During the 1940s and into the ’50s, the Christ the King parish community continued to grow. A school building and convent were built in 1949, and in 1950 the Franciscan Handmaids arrived from New York City to staff the school. The African-American communities, both Catholic and non-Catholic, of High Point, Thomasville and Greensboro were served by the new Christ the King School, which opened its doors to 50 students in September 1950. The friars continued their pastorate in High Point for the next several decades, cultivating a faith community that became continually more culturally diverse over time. A stained-glass window behind the church’s choir loft depicts that diversity, with Jesus surrounded by four individuals representing the African, Asian, European and Indian bloodlines that make up much of the parish community today.


Lowering enrollment, financial difficulties and the recalling of the sisters to New York forced Christ the King School to close in 1981. The diocesan office of education converted the school for use as a day care center, which began its operation in August 1981. That same year, Franciscan Sisters of the Atonement arrived at Christ the King Church to conduct the religious education program and other ministerial work, including assisting at the day care center. The center, still located on parish grounds, is now privately operated and continues to serve the area.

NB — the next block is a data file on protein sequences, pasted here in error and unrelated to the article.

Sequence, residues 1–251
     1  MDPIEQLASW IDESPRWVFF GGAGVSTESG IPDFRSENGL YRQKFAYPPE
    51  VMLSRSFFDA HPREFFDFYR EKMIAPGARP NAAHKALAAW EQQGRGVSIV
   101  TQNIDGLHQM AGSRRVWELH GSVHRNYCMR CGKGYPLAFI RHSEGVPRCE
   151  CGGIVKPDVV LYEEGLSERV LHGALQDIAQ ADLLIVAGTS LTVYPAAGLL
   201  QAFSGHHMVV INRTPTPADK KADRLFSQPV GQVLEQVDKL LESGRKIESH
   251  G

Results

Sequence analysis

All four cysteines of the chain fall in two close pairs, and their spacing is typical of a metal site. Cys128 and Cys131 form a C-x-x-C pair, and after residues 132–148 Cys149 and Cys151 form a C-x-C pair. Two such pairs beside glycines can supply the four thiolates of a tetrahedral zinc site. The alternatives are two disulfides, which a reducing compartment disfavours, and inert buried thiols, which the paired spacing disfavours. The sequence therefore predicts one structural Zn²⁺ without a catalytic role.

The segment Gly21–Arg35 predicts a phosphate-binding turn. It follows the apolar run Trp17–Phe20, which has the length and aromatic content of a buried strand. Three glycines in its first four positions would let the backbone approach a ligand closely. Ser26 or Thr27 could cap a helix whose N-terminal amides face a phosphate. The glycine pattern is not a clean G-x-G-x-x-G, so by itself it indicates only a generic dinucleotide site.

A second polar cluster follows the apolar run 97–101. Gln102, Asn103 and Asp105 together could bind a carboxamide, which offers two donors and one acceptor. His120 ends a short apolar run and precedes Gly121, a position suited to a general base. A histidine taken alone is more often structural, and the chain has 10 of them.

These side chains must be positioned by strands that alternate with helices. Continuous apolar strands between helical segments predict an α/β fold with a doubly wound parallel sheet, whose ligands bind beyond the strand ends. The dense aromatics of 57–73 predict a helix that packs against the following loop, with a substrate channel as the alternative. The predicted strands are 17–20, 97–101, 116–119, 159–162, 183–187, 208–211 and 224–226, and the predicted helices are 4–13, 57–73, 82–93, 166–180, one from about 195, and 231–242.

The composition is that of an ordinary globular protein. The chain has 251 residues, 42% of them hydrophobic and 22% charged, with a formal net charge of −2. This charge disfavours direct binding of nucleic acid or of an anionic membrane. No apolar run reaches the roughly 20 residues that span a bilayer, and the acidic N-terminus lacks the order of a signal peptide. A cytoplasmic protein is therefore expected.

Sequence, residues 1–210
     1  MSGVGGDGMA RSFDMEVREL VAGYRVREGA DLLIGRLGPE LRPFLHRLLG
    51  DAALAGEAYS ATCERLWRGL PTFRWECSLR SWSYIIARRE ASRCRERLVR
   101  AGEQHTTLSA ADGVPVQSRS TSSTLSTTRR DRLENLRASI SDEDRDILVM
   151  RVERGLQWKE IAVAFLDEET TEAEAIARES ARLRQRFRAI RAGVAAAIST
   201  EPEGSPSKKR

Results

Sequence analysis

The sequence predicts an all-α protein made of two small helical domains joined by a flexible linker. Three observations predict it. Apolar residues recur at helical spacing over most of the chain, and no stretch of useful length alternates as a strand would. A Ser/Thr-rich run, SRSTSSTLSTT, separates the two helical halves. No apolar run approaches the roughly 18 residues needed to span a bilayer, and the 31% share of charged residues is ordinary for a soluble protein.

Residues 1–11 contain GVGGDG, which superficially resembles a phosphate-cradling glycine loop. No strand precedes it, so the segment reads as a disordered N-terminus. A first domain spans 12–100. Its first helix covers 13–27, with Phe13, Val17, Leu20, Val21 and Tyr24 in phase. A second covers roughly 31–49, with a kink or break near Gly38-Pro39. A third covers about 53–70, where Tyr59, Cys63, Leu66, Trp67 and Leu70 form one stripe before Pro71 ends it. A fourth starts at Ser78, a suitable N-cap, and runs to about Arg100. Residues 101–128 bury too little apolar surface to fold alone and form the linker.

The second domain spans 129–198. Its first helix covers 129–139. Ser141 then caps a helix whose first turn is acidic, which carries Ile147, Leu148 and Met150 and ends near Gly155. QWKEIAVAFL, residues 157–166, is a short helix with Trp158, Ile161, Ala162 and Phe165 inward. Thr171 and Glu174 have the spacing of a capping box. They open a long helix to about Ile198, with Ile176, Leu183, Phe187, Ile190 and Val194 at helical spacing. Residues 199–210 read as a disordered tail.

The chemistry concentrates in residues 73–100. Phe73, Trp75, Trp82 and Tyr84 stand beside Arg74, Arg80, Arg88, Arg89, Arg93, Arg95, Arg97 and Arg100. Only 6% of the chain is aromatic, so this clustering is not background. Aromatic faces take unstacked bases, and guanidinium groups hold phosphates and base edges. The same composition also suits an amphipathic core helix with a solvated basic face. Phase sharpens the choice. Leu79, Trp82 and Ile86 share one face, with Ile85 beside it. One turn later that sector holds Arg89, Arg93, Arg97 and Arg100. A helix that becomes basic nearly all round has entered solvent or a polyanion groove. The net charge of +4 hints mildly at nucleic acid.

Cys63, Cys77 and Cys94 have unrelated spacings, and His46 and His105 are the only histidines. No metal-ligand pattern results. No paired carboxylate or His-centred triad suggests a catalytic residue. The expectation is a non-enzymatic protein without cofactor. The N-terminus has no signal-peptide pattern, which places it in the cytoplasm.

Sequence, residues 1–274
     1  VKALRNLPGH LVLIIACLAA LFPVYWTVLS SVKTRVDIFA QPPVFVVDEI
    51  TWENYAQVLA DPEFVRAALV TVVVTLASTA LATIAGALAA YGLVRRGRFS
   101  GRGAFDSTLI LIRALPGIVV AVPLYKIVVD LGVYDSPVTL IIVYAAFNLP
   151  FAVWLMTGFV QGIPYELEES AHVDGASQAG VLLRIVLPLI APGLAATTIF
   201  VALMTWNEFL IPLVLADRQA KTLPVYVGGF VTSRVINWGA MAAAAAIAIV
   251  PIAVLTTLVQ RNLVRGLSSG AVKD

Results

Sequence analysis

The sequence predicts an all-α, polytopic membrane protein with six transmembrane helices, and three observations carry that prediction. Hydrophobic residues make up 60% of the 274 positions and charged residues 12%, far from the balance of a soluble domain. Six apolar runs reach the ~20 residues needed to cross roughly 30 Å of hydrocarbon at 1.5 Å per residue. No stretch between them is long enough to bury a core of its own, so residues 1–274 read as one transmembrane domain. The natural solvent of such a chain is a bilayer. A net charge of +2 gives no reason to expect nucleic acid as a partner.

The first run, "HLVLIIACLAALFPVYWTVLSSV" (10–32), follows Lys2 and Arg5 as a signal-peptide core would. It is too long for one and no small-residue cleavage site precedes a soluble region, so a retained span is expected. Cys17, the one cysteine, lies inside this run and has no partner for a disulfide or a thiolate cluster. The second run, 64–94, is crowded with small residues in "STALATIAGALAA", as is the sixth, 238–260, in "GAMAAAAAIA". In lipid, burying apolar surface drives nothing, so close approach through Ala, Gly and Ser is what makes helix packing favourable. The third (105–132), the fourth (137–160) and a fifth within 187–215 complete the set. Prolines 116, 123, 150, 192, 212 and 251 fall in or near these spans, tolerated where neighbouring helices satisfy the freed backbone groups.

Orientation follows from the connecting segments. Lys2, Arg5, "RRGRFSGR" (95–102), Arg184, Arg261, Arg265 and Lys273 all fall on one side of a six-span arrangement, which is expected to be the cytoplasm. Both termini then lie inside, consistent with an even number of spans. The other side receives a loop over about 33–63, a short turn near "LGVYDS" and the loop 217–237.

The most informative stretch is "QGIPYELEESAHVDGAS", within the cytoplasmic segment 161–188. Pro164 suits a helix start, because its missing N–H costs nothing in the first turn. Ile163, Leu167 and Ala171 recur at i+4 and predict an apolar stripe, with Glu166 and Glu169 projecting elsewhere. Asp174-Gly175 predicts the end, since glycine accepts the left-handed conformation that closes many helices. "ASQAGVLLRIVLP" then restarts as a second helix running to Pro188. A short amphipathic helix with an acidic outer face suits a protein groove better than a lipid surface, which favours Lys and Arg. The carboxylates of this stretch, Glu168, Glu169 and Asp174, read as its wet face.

Upon the friars’ leaving High Point in 1991, Christ the King Church became a diocesan parish in December of that year. Fathers Martin Madison and John Hoover served the parish until December 1994, when Father Philip Kollithanath, was appointed to Christ the King Church. Assisting in the advancing growth of the Christ the King community have been many commissions and ministries focusing on the spiritual , educational, multicultural and evangelical dimensions of the parish. Parishioners gather to engage in Bible study , to learn English as a Second Language, to put their faith into action in the local community and to celebrate their ethnicity. A Hispanic center and bilingual religious education program provide sharing and learning opportunities for English and Spanish speaking parishioners, and the parish African-American Ministry offers outreach programs benefiting the local region. The Women’s Guild, Altar Guild, 55+ Club and Young & Spirited Group are active in parish and community services, and the evangelization commission provides for the spiritual needs of homebound parishioners through its Visitation Ministry. The community of Christ the King Church looks ahead to expansion and renovation projects that will accommodate the needs of a growing parish. One hundred and sixty-one households currently make up the parish registry.